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In March of this year, Fullscreen partnered with Leflein Associates to field a quantitative national online survey and ethnographic interviews (in the greater NYC area) with Gen Z and millennial individuals. They investigated media preferences and trends, passions and values, influencer fandom, consumer journeys, and brand love –– and perhaps most significantly –– where Gen Z and millennials differ in these areas.
“Gen Z, the first generation born into a post-Google and social media world, is not only the most diverse generation yet, but also the generation with the greatest global perspective,” said Pete Stein, General Manager, Fullscreen. “Their continued inclination towards social content on their mobile phones – first seen in millennials – is changing the way that content is consumed, shared, and even created. Growing up in a completely digital world, they expect to have direct access to friends, celebrities and brands – and they expect all three to interact and share content in a way that’s relevant to their own personal interests and passions.”
For brands trying to reach Gen Z, the findings reveal several critical strategies:
Mind the Generational Gaps
Youth audiences are an important target for many brands, but not all brands recognize that there are actually two very different generations within that broad umbrella –– millennials (18-34) and Gen Z (13-17) –– with two very different sets of social media habits. Brands should not assume they can target both groups in the same way.
Millennials are relatively old school, with a higher preference for traditional platforms (including “traditional digital”) than their Gen Z counterparts. Gen Zers are shifting away from text-based online content in particular, in favour of streaming content – especially video.
Generation Brand Engagement
When marketers talk about how brands can best reach and engage with “young people”, they usually mean millennials. Or at least they used to. As it turns out, Gen Z is even more receptive to engaging with brands through social channels. In fact, they’re adept at fuelling brand conversations by spreading the word throughout their social circles.
“In an era of increased media fragmentation, brands are finding that the best way to build deeper customer connections is to create entertainment that consumers actively seek out,” said Maude Standish, Vice President of Programming Strategy, Fullscreen. “This is particularly true when marketing to Gen Z, who grew up with the internet and are not only demanding that all brands entertain them, but also that entertainment shifts to behave like a friend – it’s also why influencers are so effective in selling to this generation.”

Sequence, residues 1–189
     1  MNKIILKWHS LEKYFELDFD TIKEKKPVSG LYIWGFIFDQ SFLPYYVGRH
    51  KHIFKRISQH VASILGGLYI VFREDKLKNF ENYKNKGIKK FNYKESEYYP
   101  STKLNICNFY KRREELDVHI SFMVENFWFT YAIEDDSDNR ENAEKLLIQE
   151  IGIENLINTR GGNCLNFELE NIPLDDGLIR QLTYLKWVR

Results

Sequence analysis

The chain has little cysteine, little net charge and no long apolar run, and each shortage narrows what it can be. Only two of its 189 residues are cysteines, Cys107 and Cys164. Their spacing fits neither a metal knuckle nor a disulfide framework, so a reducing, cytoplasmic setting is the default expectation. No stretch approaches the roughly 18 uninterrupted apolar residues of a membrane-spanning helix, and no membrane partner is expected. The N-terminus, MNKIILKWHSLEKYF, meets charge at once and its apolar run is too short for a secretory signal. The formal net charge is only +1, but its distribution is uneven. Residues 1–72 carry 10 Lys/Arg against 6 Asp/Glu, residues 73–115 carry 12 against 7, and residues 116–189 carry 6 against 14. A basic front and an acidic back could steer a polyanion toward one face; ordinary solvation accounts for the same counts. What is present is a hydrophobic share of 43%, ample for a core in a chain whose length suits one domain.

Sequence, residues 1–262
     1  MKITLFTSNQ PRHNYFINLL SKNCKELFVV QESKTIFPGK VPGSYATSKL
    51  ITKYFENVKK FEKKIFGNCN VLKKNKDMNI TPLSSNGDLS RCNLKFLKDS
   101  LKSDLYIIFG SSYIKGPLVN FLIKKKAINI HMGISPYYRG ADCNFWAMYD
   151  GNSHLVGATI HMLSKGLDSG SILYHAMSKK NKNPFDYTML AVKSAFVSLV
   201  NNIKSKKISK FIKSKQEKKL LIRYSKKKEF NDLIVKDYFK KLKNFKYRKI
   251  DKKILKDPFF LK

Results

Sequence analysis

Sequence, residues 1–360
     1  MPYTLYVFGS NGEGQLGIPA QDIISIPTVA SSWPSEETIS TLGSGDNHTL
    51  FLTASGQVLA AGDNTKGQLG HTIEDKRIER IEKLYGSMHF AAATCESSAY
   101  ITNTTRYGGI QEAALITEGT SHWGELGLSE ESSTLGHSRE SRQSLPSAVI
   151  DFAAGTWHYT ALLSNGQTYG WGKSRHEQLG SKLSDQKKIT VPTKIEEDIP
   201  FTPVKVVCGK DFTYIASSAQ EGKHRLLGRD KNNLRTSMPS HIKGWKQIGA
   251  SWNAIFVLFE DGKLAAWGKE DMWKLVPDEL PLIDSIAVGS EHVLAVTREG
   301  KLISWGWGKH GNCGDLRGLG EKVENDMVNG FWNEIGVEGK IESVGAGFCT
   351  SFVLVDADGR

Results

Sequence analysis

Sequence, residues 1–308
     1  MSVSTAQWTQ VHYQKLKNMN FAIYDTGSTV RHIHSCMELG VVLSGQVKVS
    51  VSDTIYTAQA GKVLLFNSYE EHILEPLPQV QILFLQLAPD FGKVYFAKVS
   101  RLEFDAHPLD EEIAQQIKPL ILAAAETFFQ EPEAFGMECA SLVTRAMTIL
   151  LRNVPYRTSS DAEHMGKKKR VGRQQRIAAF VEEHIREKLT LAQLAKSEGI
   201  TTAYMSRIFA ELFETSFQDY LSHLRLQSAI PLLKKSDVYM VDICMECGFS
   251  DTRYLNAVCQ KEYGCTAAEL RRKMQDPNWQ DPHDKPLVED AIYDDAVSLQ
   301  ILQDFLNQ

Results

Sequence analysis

Influencers play a significant role in defining what youth audiences like, view, and buy, with 54 per cent saying that would choose to advertise a brand with influencers.
Gen Z prefers to watch, rather than read. They view digital video and short form clips almost six times as much as they read traditional digital publishers/blogs. It’s critical to note the dramatic rise in short-form video, a new format that has emerged and evolved alongside social platforms. While longer-form formats are still preferred for traditional entertainment genres like sports, comedy, and film, short-form plays a pivotal role for beauty, fashion, and how-tos – and even general entertainment.
One size does not fit all when it comes to social platforms. Despite its reputation as a social home for older folks, Facebook still dominates for entertainment, socialising and utility for Gen Z. For socialising, Facebook, Snapchat, and Instagram take centre stage. And for utility, more task-specific platforms like Twitter and Pinterest come into play.
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